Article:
Schroeder Center faculty affiliates are actively involved in health policy research. Their work has been published in books and peer-reviewed academic journals and is distributed as working papers. Below are summaries and abstracts of scholarly research published by Schroeder Center faculty affiliates.
“Physician Responses to Rising Local Unemployment Rates: Healthcare Provision to Medicare and Privately Insured Patients” by Daifeng He, Melissa McInerney, and Jennifer Mellor. Journal of Health Economics, 40:97-108, 2015.
This study, published in the March 2015 issue of the Journal of Health Economics, is the first physician-level analysis of changes in the provision of healthcare to Medicare and privately insured patients across the business cycle. Using Florida discharge data from hospitals and ambulatory surgery centers between 1998-2010, the authors find that, on average, as county unemployment rates increase, physicians treat fewer privately insured patients in both inpatient and outpatient settings. This procyclical response is explained by higher unemployment rates reducing private health insurance coverage and income among patients, thereby reducing demand for healthcare. However, the average physician does not provide any less inpatient care to Medicare fee-for-service patients as unemployment rates rise. Instead, He, McInerney, and Mellor find that physicians who have a greater proportion of patients with private insurance provide more care to Medicare patients as the unemployment rate rises. This response is a form of physician-induced demand in which physicians induce utilization among their continuously insured patients to offset income losses.
"Childhood Health and Sibling Outcomes: The Shared Burden and Benefit of the 1918 Influenza Pandemic" by John Parman, NBER Working Paper Number 19505, 2013.
In an October 2013 study released as part of the National Bureau of Economic Research’s (NBER’s) Working Paper Series, William & Mary economist and Schroeder Center for Health Policy faculty affiliate John Parman examines how families allocate their resources when there is a health shock to one of their children. In particular, Parman uses the 1918 influenza pandemic to determine if a negative health shock for one child will have educational and health consequences for that child’s siblings. Given the potential impact of a family’s response to such an event, Parman’s study suggests that childhood health interventions may have unintended consequences for the healthy siblings of a sick child. Understanding how households reallocate resources in response to health shocks is therefore critical to predicting the net effects of health interventions on health and educational outcomes.
To study sibling effects, Parman linked adult education and health information from military enlistment records to childhood household information in the 1930 federal census. In terms of educational attainment, Parman reports that “while the pandemic was a burden on children exposed in utero, it was actually a benefit to their older siblings.” Parman’s study finds that “[i]ndividuals achieved greater educational attainments [an additional quarter year of education] if a younger sibling was in utero during the pandemic and experienced small reductions in educational attainment if an older sibling was in utero during the pandemic.” In terms of health consequences, however, the reallocation of family resources in response to the pandemic “did not impact the net nutrition or health of siblings in a way that translated into differences in attained height.”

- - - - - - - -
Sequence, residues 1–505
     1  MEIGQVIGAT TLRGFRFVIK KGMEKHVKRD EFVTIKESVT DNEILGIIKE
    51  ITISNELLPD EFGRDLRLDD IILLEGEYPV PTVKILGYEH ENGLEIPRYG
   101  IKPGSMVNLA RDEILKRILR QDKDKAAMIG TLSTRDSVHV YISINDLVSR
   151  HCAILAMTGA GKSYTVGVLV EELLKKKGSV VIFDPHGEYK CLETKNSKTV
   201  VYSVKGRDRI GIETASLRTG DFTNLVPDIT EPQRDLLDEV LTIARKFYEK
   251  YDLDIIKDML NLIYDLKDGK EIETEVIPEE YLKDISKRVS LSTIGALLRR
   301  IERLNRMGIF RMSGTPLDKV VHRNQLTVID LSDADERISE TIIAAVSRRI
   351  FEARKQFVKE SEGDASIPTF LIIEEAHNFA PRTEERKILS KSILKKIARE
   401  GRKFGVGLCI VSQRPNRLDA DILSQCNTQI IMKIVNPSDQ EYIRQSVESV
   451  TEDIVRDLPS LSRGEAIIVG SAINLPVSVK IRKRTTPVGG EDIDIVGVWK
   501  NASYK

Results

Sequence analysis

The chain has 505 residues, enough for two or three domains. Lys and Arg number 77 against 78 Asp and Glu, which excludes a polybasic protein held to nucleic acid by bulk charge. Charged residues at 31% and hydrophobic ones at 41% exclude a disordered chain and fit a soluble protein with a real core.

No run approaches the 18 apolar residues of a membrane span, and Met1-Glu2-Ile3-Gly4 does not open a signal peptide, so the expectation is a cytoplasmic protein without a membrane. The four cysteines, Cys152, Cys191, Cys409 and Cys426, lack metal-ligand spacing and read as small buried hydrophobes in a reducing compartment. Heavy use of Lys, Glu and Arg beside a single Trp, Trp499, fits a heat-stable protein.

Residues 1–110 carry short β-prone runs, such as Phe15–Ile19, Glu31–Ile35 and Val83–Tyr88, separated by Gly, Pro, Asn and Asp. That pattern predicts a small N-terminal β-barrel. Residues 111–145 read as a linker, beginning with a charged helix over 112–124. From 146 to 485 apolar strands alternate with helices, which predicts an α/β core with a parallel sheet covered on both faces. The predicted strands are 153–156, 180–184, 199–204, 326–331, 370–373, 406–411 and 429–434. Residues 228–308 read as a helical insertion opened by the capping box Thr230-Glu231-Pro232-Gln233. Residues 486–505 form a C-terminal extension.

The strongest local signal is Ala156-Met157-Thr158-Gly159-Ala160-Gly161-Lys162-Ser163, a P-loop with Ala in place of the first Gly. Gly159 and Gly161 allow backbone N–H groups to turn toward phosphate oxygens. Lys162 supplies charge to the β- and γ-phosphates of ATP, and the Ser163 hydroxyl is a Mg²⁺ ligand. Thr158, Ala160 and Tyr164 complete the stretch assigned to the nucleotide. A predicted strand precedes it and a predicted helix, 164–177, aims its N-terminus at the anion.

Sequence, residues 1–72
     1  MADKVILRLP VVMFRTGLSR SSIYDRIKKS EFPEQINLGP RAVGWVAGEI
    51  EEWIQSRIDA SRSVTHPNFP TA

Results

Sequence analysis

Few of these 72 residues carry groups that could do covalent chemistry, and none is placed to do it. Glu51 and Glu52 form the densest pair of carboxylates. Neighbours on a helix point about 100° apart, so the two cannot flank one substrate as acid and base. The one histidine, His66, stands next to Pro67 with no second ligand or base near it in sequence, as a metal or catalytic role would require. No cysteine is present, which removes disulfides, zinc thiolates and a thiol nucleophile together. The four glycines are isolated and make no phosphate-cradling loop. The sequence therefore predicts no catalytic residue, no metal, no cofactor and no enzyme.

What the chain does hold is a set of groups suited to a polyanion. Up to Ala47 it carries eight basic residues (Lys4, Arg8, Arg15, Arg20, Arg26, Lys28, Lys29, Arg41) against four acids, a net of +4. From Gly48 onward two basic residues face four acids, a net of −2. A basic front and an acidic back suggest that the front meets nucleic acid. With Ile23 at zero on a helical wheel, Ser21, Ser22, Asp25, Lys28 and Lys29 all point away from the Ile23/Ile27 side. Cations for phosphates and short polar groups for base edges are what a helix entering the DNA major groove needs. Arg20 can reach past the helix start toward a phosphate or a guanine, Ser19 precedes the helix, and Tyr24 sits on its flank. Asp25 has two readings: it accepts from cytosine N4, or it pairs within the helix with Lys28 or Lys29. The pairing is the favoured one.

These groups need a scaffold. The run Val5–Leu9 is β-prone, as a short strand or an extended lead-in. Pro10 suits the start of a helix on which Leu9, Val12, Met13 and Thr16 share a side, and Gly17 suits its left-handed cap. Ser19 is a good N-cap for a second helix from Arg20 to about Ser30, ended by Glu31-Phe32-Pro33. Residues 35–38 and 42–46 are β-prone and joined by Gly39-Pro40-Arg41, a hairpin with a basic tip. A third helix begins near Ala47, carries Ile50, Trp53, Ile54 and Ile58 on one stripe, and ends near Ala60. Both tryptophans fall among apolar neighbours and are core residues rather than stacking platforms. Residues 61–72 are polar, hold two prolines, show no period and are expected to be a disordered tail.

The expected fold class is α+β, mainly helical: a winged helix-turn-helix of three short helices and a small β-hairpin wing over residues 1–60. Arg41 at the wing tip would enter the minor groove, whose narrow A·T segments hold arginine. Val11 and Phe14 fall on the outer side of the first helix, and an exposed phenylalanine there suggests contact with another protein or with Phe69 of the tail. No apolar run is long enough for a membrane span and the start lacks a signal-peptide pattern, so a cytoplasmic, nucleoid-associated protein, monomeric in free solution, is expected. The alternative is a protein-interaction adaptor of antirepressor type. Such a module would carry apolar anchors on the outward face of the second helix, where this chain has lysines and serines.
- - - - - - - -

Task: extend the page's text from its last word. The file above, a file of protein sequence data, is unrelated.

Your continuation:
Parman presented this research at various forums, including the annual meetings of the Population Association of America and the NBER Summer Institute meetings for the Development of the American Economy program.
"Recession Depression: Mental Health Effects of the 2008 Stock Market Crash" by Melissa McInerney, Jennifer M. Mellor, and Lauren H. Nicholas. Journal of Health Economics, 32(6): 1090-1104, 2013.
A study published in the December 2013 issue of the Journal of Health Economics provides new evidence on the link between wealth and health. In “Recession Depression: Mental Health Effects of the 2008 Stock Market Crash,” Melissa McInerney, Jennifer M. Mellor, and Lauren Hersch Nicholas examined if sudden, large wealth losses had a causal effect on mental health. While prior studies had showed that increases in income, such as from winning the lottery, lead to mental health improvements, the mental health effects of losing money were not known. Given the frequency of significant income losses within families resulting from divorce, death of one’s spouse, and costly medical treatment, for example, the immediate mental health consequences of wealth losses are important to understand. This is particularly true as many states and the federal government increase funding to improve access and the quality of mental health services.
McInerney, Mellor, and Nicholas looked at large wealth losses resulting from the 2008 stock market crash, and compared mental health changes over a period of two years using participants in the Health and Retirement Study, or HRS. They also compared participants whose second interview took place just before the crash to another group of participants whose second interview took place after the crash. They report that respondents who were exposed to the crash experienced increased feelings of depression and use of antidepressant drugs following the crash. These effects were the greatest for respondents who experienced the highest stock market exposure. Individuals with the largest losses, for example, report about a 50% increase in feelings of depression following the 2008 stock market crash. However, while the study authors found that the stock market crash affected self-reported feelings of depression, it did not result in increases in clinical depression.